Que proposons-nous concrètement?

Premièrement, de renforcer les pouvoirs de ce qu'on appelle Eurofisc. Eurofisc, c'est un réseau de services nationaux d'enquêtes, composé d'experts qui travaillent à la détection des plus grosses fraudes transfrontalières, notamment celles qui portent, à nouveau, sur les bateaux, les avions et les voitures.

Nous voulons donner à Eurofisc la possibilité de s'appuyer sur des échanges d'informations rapides, fiables, ciblés, de coopérer en matière de renseignement, d'évaluer les risques. Les fraudeurs, il faut le reconnaitre, ont toujours un temps d'avance sur nous. Il faut donc pouvoir réagir rapidement, plus rapidement qu'aujourd'hui, et avec les moyens informatiques appropriés, notamment dans des secteurs-clés, comme le commerce électronique.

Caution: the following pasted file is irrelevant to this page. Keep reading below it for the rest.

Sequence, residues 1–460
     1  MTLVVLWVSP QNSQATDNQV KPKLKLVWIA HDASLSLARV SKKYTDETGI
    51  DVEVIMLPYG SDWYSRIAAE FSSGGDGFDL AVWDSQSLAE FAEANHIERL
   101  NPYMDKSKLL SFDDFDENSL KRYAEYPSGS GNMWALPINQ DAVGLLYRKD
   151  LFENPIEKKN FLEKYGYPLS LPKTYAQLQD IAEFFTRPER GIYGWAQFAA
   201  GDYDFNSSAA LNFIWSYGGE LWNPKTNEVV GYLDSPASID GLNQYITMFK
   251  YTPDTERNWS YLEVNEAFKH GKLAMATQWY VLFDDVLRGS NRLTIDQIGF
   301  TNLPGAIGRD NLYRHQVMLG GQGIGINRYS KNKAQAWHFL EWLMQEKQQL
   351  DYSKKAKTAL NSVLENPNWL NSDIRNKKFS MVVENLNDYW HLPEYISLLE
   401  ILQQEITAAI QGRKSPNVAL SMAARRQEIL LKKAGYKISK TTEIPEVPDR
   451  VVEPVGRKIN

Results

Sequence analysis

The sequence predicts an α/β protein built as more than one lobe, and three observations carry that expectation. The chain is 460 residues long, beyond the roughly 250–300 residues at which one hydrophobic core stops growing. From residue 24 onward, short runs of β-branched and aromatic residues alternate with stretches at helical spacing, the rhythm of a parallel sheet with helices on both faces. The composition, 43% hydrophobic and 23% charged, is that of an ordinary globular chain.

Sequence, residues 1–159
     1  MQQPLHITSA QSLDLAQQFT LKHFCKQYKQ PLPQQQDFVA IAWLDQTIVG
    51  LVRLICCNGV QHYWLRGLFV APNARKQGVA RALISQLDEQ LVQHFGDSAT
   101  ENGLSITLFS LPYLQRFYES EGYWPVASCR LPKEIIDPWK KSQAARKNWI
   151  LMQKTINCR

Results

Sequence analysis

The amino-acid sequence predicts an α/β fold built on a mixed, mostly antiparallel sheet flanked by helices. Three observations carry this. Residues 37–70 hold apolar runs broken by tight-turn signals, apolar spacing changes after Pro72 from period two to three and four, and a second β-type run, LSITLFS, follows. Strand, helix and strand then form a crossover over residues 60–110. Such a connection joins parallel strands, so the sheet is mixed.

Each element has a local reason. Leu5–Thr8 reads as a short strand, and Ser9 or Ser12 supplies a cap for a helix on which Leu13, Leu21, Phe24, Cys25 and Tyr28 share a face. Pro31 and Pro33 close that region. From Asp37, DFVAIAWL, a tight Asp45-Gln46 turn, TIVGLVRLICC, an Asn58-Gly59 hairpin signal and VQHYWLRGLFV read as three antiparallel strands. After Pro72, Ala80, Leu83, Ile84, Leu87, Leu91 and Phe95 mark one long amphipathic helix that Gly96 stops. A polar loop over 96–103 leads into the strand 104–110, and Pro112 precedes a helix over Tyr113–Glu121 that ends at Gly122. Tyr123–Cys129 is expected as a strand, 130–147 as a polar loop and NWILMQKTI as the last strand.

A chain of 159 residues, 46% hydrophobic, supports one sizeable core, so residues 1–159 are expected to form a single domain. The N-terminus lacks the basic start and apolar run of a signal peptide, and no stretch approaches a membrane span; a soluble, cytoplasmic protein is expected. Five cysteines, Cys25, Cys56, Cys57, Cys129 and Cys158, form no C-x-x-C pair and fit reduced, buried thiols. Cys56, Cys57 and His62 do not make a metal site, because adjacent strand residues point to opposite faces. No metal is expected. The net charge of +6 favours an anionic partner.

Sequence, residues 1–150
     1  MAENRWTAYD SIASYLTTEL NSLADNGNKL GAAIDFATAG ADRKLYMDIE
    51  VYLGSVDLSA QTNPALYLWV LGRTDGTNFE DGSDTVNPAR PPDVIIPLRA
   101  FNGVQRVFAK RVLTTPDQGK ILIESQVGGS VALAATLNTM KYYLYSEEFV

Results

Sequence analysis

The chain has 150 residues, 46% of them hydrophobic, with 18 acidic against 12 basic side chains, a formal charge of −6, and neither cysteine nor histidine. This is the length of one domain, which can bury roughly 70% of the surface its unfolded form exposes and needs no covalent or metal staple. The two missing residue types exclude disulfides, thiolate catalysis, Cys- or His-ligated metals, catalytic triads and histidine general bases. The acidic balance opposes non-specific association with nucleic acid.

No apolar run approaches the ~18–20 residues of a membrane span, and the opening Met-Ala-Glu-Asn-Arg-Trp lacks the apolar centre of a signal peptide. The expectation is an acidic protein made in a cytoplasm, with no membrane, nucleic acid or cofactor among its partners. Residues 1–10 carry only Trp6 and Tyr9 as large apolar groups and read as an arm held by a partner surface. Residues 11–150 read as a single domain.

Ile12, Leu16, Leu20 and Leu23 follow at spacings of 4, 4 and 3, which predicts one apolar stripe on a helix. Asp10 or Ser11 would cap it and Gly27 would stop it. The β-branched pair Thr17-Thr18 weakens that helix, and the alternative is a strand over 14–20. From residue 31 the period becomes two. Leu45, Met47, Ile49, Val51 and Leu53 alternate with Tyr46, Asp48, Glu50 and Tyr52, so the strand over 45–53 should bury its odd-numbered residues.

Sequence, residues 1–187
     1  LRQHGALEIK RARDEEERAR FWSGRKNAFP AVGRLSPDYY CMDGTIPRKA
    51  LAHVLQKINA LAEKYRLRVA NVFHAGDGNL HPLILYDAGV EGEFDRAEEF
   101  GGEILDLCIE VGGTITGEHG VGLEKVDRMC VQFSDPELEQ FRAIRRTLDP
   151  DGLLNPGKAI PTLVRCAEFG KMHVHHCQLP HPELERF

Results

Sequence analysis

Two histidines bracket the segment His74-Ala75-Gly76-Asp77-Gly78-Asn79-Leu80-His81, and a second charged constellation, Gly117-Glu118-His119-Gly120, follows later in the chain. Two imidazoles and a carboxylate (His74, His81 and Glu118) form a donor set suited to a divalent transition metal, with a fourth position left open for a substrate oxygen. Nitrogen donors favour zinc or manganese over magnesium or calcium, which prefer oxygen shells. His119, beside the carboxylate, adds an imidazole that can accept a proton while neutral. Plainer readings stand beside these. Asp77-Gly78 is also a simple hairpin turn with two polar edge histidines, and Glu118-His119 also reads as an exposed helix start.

Deuxièmement, nous proposons de donner aux experts d'Eurofisc la possibilité de mieux travailler ensemble et de réaliser des contrôles fiscaux conjoints. Autrement dit, de faire équipe lorsque la fraude s'avère être de nature transfrontalière. Ça paraît logique, mais pour autant ce n'est pas suffisamment le cas.

Troisièmement, nous proposons de mettre en place une coopération opérationnelle entre les administrations fiscales nationales, les douanes et leurs partenaires européens tels qu'Europol, l'OLAF et le tout nouveau parquet européen. Des échanges d'informations devraient ainsi permettre aux administrations nationales de recouper les données de l'OLAF et d'EUROPOL avec leurs propres bases de données, comme les casiers judiciaires.Nous proposons aussi que le nouveau Parquet européen reçoive des informations sur les cas les plus graves de fraude transfrontalière à la TVA – ceux qui dépassent les 10 millions d'euros – afin qu'il ouvre des enquêtes et puisse poursuivre activement les fraudeurs.